There was a time when Catholic prep sports were followed, well, religiously — just as closely as the colleges and pros. When I was growing up in the 1960s, some of the best CYO coverage could be found in the pages of the Michigan Catholic, which was delivered to our Detroit home weekly. The newspaper featured the exploits of kids who often had tongue-twisting Polish surnames. Frank Tanana was Polish, but at least you could pronounce his name as you read about his latest athletic feat.
To readers of this blog, Tanana is best known as a former Tiger who put together a long career in the big leagues, the highlight being that memorable pitching duel with Toronto’s Jimmy Key on the final day of the 1987 pennant race. Over the course of 21 big-league seasons, 1973 through 1993, the former Detroit prep star won 240 games for six different teams. Those are the most victories ever by a major-league pitcher without a single 20-win season. His overworked left arm probably should be bronzed and put on display somewhere. He started a remarkable 616 games and at one point pitched 14 consecutive complete games.
For all of Tanana’s diamond success, he was better known in Catholic school circles for his roundball skills during the winter, though the two-time All-State forward/guard was a helluva pitcher when spring rolled around. Athleticism was in his blood, along with the kielbasa and pierogies. His dad and namesake, a Detroit cop, had spent a few years in the Cleveland Indians’ farm system and remained a big deal in local amateur circles after he quit to raise a family.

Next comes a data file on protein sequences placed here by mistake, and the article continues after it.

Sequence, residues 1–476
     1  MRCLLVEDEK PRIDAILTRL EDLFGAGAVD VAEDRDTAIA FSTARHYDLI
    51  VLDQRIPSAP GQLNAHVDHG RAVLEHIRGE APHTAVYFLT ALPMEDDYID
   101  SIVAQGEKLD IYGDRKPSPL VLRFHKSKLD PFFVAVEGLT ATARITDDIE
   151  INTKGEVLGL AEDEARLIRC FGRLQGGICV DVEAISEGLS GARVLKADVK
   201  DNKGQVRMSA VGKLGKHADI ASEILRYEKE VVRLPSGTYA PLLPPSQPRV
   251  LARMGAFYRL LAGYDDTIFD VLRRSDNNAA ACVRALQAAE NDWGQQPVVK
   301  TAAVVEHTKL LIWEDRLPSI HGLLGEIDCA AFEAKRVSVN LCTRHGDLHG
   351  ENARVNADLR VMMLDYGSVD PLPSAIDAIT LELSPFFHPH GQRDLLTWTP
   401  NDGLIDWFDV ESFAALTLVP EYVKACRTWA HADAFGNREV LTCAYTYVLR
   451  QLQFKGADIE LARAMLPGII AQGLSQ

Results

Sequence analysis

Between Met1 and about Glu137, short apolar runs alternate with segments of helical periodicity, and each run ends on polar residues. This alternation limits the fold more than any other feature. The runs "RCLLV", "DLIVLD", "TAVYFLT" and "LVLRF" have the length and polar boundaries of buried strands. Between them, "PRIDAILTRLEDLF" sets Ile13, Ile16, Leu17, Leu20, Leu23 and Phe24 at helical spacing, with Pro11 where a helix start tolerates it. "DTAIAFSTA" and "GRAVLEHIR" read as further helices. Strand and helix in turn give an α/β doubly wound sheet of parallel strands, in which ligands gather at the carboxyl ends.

I first became aware of Frank as kids, in 1967, when he was dominating the competition as an 8th-grade multi-sports star at St. Andrew’s, and I was a 7th-grade catcher at Epiphany, praying to the Patron Saint of Foul Tips to please, please protect me from getting whacked again in the mask or nuts. Ed and Bob, two Polish kids who were my best buddies on the team, later played with Tanana at Catholic Central. I can remember all of us, as 16-year-old knuckleheads, once driving over to his house to see if he wanted to go out, maybe get into a little trouble. He lived in the area of Martin and Michigan, in what many of us were already referring to as “the old neighborhood.” It was early evening, but Frank, the son of an alcoholic, was already gone, getting a head start on the weekend. When it came to partying, Tanana was a major leaguer even in high school.
Tanana closed out his high school athletic career by starting for CC in the ’71 Catholic League championship game against Holy Redeemer at Tiger Stadium. More than 100 colleges offered him a basketball scholarship upon graduation, but his favorite sport had always been baseball. The California Angels made him their No. 1 pick (Detroit decided to select high school shortstop Tom Veryzer from New York instead), and he signed a professional contract. Two years later he was named American League Rookie Pitcher of the Year. He had a wicked curve and great control to go along with a fastball that could hit 100 mph. By the time he was 24, he had already won 84 games, led the league in strikeouts, shutouts, and ERA once each, and been named to three consecutive All-Star Games.